When Marissa LaMagna moved to Berkeley about fifteen years ago, she noticed a lot of empty storefronts in the downtown area. Slowly, she saw the area revitalize. "I watched this resurgence of downtown becoming an epicurean epicenter," she said.
Having worked on farms in Vermont and Ohio when she was in her twenties, LaMagna had been a longtime advocate for the farm-to-table movement and was inspired by restaurants like Gather, whose owners are committed to locally sourcing their food. In 2008, she founded Bay Area Green Tours, which focuses on local green businesses, and collaborated with Gather's owners on hosting a breakfast at their restaurant, followed by tours of farms from which the food came. In 2011, following the opening of more sustainability focused restaurants, LaMagna decided to start a small restaurant tour called the Moveable Feast, in which attendees could sample food at a few restaurants while talking with the chefs and learning about where their food comes from.
The next tour, organized to coincide with the Business Alliance for Local Living Economies conference (of which the Express is a sponsor), will take place on Tuesday, June 10. Participants will begin the evening with pizza, drinks, and Brazilian music at Gather Restaurant (2200 Oxford St.) and then move on to Revival Bar + Kitchen (2102 Shattuck Ave.), where executive chef Amy Murray will serve either local wild salmon or McFarland Springs trout with a spring vegetable hash made from Adirondack purple potatoes, spring onions, baby carrots, and fava leaves. The evening will end with a sampling of desserts including butterscotch pudding, crème brûlée, French cannelé, and chocolate strawberries at FIVE in the Hotel Shattuck Plaza (2086 Allston Way). Vegan and vegetarian options will be available as well.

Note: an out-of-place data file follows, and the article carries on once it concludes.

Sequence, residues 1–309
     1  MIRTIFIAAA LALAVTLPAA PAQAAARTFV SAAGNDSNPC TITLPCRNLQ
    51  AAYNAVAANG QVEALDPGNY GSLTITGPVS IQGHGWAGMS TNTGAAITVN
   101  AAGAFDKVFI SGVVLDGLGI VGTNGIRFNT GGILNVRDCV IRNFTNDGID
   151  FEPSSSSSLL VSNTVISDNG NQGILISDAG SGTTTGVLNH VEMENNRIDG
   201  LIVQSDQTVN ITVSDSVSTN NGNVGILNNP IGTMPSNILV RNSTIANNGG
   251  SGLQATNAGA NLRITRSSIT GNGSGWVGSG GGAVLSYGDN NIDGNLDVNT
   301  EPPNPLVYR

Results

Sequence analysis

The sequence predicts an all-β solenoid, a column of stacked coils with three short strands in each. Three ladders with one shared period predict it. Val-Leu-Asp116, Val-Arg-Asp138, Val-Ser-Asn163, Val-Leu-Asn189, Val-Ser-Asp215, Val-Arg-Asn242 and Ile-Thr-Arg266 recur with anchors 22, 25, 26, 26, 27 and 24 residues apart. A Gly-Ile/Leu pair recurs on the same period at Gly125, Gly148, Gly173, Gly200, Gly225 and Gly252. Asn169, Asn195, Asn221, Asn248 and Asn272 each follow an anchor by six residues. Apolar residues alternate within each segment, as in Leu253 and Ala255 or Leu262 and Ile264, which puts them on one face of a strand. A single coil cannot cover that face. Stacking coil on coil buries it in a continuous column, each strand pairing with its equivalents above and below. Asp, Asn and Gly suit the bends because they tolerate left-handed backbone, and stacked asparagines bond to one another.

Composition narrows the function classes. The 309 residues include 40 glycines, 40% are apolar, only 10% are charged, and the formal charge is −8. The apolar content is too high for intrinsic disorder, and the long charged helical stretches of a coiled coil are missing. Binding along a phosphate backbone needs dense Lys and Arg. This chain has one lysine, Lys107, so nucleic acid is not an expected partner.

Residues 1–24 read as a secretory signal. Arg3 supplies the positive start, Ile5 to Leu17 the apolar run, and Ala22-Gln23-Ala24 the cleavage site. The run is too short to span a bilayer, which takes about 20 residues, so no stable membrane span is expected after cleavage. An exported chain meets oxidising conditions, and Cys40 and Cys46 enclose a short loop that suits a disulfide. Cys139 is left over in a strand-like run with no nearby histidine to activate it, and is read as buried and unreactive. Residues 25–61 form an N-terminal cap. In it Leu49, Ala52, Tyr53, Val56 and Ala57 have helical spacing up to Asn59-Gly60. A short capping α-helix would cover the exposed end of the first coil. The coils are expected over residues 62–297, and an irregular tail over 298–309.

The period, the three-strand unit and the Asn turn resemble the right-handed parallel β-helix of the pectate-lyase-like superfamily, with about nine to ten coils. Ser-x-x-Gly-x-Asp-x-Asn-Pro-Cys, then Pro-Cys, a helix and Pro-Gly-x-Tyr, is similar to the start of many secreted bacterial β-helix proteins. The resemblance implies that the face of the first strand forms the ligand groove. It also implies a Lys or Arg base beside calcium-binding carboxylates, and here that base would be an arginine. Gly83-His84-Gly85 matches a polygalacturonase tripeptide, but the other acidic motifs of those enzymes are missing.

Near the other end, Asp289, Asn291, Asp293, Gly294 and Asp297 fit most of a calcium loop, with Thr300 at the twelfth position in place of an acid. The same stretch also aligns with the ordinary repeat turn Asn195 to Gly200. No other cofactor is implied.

Those three restaurants have always been featured in the tours, partly because of LaMagna's friendships with the owners and chefs, but also because of their strong connections to the farms from which they source their food. "Gather has their own farm that they bring a lot of their produce from," said LaMagna. "The chef at FIVE is close friends with a lot of the farmers he buys from, and Amy has been sourcing locally for twenty years."
LaMagna's goal is for participants to develop a connection with the people who grow and cook their food. "I have a deep appreciation and respect for people who grow my food," she said. "I know how difficult it is and what a labor of love it is." She also hopes to draw attention to the culinary scene in Berkeley's downtown area. "There's so much attention to the Gourmet Ghetto. Downtown Berkeley has had a bad reputation over the years," she said. "But it's become more alive and there's a whole new energy there. It's becoming more of a destination."
5:30 p.m., $99. BayAreaGreenTours.org
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